Say What You Mean

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Once on a bus I overheard a couple of teenagers having a conversation that sounded something like this:

“So, I’m like… and she’s like…So, I go…”

“You didn’t!  So, she’s like….. and you’re like…”

“Yeah, no kidding!”

“Get out!”

No one could accuse these kids of being wordy. The staccato phrases were accompanied by facial expressions and hand gestures that doubtless conveyed more information than the words themselves. The ability to communicate this way is impressive, but it works only in a context of a shared and fairly limited experience.

Many adults do the opposite when they rely on clichés, euphemisms and jargon in writing and speaking. They use many words to convey almost no information. Take the ubiquitous expression to have issues with or about something or someone. I suspect the phrase comes from the counselling professions, where it may serve to soften a potential diagnosis. “You have anger issues about your mother” sounds better than “You hate your mother.” The softening lies in the imprecision of the phrase. But precision is a virtue in communication. Consider the following exchange:

“I’m going to order pizza. How about pepperoni?

“No, I have issues with pepperoni.”

Unless pepperoni has an unspeakable effect on you, saying you have issues with it seems unnecessarily circumspect. You might be allergic to it, or you don’t eat it for religious reasons, or you’re a vegetarian—whatever it is, it makes more sense just to just say it

Good writers vary their vocabulary and use concrete terms that convey specific information. Jargon is a specialized vocabulary that often includes unnecessary variants of simple words: prioritize for rank. Euphemisms can soften a harsh truth as a matter of taste, but some—collateral damage, to cite a famous example—are used to mask deadly truths.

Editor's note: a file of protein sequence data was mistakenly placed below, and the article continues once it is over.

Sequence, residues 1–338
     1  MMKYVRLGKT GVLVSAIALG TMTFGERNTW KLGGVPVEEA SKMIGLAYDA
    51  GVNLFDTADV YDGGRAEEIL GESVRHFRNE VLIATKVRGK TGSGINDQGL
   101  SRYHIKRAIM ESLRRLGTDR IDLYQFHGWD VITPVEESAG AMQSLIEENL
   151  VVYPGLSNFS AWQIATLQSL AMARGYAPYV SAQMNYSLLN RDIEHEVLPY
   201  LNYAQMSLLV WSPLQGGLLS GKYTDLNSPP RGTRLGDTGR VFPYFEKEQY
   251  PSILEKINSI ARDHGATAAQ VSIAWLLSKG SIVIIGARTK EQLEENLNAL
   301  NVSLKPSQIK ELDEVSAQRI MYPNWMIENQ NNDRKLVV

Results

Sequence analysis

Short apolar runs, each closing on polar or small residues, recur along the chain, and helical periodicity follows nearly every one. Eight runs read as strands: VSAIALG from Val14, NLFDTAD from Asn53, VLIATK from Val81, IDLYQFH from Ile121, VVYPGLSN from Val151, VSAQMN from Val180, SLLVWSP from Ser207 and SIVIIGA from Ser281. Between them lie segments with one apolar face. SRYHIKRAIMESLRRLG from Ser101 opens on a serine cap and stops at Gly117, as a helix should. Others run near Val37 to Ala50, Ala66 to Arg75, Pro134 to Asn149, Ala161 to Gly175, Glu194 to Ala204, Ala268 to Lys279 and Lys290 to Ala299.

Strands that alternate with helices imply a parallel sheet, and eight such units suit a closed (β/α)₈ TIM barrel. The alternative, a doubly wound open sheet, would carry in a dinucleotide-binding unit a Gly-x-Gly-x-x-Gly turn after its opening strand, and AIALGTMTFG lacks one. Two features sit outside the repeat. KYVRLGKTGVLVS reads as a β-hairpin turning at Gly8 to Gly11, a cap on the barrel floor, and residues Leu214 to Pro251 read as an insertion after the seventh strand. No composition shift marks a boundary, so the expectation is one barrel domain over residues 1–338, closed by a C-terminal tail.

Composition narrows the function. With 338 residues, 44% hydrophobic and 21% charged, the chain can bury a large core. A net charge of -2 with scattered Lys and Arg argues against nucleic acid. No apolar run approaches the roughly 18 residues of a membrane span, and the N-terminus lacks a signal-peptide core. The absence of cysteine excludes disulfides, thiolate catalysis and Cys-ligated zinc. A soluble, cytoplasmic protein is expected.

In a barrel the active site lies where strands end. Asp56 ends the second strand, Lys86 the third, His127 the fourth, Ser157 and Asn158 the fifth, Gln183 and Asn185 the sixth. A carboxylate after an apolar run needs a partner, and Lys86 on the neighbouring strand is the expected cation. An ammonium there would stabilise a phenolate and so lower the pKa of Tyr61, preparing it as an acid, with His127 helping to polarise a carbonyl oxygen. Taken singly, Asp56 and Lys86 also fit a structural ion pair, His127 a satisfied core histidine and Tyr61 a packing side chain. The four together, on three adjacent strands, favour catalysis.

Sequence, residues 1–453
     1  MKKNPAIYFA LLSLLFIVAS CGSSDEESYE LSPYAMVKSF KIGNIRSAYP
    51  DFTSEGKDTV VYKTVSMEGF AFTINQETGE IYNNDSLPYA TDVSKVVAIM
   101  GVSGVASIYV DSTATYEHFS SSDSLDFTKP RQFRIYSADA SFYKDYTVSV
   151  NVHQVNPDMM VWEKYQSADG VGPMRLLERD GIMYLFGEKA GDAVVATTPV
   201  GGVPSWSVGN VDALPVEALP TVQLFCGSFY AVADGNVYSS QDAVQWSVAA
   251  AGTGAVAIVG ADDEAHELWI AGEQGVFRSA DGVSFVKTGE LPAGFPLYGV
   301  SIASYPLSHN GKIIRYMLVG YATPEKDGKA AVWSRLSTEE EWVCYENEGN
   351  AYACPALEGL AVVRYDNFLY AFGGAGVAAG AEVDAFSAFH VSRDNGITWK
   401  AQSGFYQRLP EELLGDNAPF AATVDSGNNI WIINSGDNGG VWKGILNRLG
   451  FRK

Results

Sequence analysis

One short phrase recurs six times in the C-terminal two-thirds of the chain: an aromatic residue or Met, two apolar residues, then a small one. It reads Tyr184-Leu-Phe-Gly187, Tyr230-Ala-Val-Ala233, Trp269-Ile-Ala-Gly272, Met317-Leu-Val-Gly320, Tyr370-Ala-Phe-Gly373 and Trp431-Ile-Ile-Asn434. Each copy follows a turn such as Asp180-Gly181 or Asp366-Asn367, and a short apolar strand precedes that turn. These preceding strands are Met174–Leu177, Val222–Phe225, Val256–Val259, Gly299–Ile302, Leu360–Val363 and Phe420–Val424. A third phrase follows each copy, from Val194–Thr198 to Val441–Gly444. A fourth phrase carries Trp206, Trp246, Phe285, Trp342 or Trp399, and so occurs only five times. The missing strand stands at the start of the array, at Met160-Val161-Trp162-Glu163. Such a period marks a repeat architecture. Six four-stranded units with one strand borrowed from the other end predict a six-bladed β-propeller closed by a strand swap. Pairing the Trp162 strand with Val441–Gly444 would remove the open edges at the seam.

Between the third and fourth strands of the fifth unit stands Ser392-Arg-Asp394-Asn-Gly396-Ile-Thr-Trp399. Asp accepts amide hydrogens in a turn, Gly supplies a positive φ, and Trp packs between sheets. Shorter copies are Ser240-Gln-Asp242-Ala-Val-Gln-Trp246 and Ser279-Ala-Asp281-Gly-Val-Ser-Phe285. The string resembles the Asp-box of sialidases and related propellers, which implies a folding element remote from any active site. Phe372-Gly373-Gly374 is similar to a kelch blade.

Try revising the following jargon- and cliché-ridden sentences (you have to make up the missing information):

  1. Cost-wise, the proposed restructuring is way off base.
  2. The new secretary is a force to be reckoned with.
  3. The oil executives have been getting a free lunch.
  4. The dinner was awesome.
  5. The lecture offered a meaningful learning experience.
  6. At the end of the day, the university must become a center of excellence.

Possible revisions: 1. The proposed restructuring is $5,000 over budget. 2. The new secretary is outspoken and extremely competent. 3. The oil executives have received more than $20 million in bonuses. 4. The dinner featured succulent curried lamb chops on a bed of quinces. 5. The lecture covered ten easy ways to save on groceries. 6. This sentence is meaningless.

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